A little more than one month after reports surfaced suggesting that global electronics giant Panasonic was set to acquire, in Scottsdale, Ariz.-based Blue Yonder (formerly JDA), a provider of AI-driven and end-to-end supply chain management services, a report in the Wall Street Journal indicated that Blue Yonder instead plans to become a publicly traded company.
The report stated that last Friday Blue Yonder “confidentially filed paperwork with the Securities and Exchange Commission for a proposed initial public offering,” marking another example of a logistics technology provider vetting going public, “as pandemic-driven upheaval in supply chains draws more interest to tools that help companies manage the flow of goods.”
Blue Yonder officials did not reply to LM by press time, regarding this development. But a company statement said that the number of shares to be offered and the price range for the proposed offering have not yet been determined, adding that the initial public offering is expected to take place after the SEC completes its review process, subject to market and other conditions.
The WSJ report also observed that, according to research firm Gartner, Blue Yonder is the third largest supply chain management software provided based on 2019 revenue, trailing SAP and Oracle.
What’s more, the report pointed to other nascent logistics technology players getting involved on the IPO front, with Chicago-based project44, a technology services provider offering standardized, secure Web service API (application programming interfaces) integrations enabling 3PLs and shippers to connect with carriers in real time, said to be considering an IPO sometime in the next 18-to-24 months, and E2open, a provider of cloud-based service for collaborative planning and execution across global trading networks, going public in early 2021 with a special purpose acquisition company (SPAC).
“Blue Yonder is a market leader in supply chain software,” Ben Gordon, Managing Partner of Cambridge Capital, an investor in niche supply chain leaders, and also Managing Partner of BGSA Holdings, a leading mergers and acquisitions advisory firm focused on the transportation, logistics, and supply chain technology sector, told LM. “Panasonic could have acquired the business. It appears that the board concluded the public markets would value it more highly than Panasonic. And given the strong demand for supply chain software from public markets and private equity, I believe they are right.
For a point of comparison, Gordon explained that E2Open just returned to the public markets via a SPAC merger and is being valued at $2 billion, with the company growing approximately 9% last year, from $305 million to $335 million.
“Blue Yonder has blue-chip customers like Penske Logistics, Albertsons, L.L. Bean, Heineken, and PetSmart,” said Gordon. “They have built a broad suite of supply chain services. They are growing faster than E2Open. And they could command a higher multiple as a result. I believe the public markets remain extremely interested in high-quality supply chain firms.”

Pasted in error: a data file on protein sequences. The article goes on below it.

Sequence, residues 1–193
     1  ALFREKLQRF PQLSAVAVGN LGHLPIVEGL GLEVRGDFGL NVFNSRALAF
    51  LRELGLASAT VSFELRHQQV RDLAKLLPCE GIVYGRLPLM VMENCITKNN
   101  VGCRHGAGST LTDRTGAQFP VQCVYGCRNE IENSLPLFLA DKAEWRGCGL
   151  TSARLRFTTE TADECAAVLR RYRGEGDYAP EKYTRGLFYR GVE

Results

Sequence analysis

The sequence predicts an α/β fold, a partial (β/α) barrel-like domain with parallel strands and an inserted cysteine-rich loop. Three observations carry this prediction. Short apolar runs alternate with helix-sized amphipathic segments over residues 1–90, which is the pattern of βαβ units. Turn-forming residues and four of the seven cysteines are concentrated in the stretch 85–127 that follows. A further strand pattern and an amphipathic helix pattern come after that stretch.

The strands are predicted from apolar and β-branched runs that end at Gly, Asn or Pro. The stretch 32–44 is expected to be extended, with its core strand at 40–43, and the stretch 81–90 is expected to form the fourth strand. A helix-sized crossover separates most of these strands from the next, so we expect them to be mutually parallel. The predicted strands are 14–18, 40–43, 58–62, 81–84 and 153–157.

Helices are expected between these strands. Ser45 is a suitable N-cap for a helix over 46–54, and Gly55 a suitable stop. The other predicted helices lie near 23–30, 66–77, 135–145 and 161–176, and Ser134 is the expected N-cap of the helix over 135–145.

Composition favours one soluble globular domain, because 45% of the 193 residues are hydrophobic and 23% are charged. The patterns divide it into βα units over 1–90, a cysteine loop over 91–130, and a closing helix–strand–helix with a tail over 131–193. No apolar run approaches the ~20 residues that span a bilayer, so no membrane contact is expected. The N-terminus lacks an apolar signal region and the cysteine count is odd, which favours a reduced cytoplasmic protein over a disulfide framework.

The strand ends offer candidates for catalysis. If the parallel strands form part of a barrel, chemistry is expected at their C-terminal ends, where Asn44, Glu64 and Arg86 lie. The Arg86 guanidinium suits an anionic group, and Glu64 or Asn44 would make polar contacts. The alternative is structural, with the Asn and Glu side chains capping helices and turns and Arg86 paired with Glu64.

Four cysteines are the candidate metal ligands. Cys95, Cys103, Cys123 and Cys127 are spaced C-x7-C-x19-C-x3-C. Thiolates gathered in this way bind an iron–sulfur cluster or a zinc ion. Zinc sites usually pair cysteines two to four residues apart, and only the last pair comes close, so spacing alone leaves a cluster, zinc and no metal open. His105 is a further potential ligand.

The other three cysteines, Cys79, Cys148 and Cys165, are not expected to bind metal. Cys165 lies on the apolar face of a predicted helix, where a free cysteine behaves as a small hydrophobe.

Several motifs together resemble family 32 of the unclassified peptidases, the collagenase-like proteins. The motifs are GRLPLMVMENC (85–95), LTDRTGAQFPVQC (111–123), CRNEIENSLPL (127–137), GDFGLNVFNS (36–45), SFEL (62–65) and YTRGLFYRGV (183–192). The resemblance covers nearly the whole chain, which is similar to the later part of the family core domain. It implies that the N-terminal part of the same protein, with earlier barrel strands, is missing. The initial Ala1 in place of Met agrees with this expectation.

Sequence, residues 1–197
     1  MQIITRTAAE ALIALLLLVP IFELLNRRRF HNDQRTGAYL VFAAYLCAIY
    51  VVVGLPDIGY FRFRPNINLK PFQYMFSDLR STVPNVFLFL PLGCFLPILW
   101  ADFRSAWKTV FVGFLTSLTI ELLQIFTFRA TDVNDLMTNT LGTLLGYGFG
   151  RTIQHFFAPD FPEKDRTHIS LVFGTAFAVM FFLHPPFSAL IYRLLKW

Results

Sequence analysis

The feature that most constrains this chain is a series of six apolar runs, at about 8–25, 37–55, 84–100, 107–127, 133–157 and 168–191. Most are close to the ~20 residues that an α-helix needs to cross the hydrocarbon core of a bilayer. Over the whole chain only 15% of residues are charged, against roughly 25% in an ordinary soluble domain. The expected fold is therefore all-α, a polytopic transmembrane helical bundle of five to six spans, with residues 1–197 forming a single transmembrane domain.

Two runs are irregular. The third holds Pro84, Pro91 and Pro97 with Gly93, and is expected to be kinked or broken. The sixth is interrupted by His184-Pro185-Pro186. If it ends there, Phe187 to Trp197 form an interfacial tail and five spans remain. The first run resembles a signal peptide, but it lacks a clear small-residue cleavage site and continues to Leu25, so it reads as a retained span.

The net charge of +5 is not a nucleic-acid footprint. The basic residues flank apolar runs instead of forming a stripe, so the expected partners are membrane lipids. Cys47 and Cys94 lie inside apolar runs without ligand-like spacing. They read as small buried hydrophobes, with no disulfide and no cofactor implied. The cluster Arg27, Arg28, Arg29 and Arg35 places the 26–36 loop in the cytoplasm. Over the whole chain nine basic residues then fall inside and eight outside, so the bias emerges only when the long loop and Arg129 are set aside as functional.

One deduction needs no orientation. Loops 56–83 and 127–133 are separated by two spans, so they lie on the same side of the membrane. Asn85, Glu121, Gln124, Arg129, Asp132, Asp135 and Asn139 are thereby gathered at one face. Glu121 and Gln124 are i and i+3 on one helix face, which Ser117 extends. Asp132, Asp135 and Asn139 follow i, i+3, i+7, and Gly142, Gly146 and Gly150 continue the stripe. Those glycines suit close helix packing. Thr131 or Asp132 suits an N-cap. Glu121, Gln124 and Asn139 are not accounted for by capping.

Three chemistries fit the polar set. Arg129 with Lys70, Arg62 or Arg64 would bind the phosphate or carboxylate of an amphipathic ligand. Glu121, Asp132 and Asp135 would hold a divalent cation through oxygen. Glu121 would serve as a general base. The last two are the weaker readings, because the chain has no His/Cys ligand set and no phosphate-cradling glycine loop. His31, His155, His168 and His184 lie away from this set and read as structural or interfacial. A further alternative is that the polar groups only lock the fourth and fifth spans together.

In early 2020, Panasonic made a 20% equity investment into Blue Yonder and also obtained one seat on the Blue Yonder Board of Directors, with New Mountain Capital and funds managed by Blackstone remaining majority shareholders of Blue Yonder fully committed to supporting the company’s strategic vision.
A Blue Yonder spokesman told LM, at the time, that this expanded partnership will accelerate Blue Yonder’s AI/ML (machine learning) platform to drive faster, more context-aware business decisions for global supply chains and accelerate the promise of the Autonomous Supply Chain. And he added that Blue Yonder and Panasonic will combine resources and work closely with partner companies in Japan to fuel growth by selling Blue Yonder’s Luminate solutions and bringing forth new, jointly developed solutions.
And Yasu Higuchi, Representative Director of Panasonic Corporation and CEO of Panasonic’s Connected Solutions Company, explained, in May 2020, that modern day supply chains face a number of challenges including rapidly shifting demand, hyper-personalization of consumer needs, labor shortages and operational inefficiencies.
“[S]o by further developing our relationship with supply chain software specialists Blue Yonder, I believe we will be able to make larger, more transformative contributions to a greater number of customers,” Higuchi said. “In order to do so, we aim to gain a deeper understanding of Blue Yonder’s advanced global solutions and business model so that we can augment and further elevate our own solutions capability. Through this collaboration, we aim to become a global leading provider of frontline process innovation.”
In February 2020, Blue Yonder changed its name from JDA. The company said that the name change was part of a re-branding initiative in an effort to better align its name with its cloud transformation and product roadmap and also to embrace endless innovation in the future, as well as continuous improvement and a focus on outstanding customer experience, too.
The company explained that changing its name and brand from JDA to Blue Yonder “further supports the massive impact of AI and ML technology across the supply chain, logistics, and retail markets,” adding that “Blue Yonder’s leading AI/ML technology powers the Company’s Luminate end-to-end digital fulfillment platform.”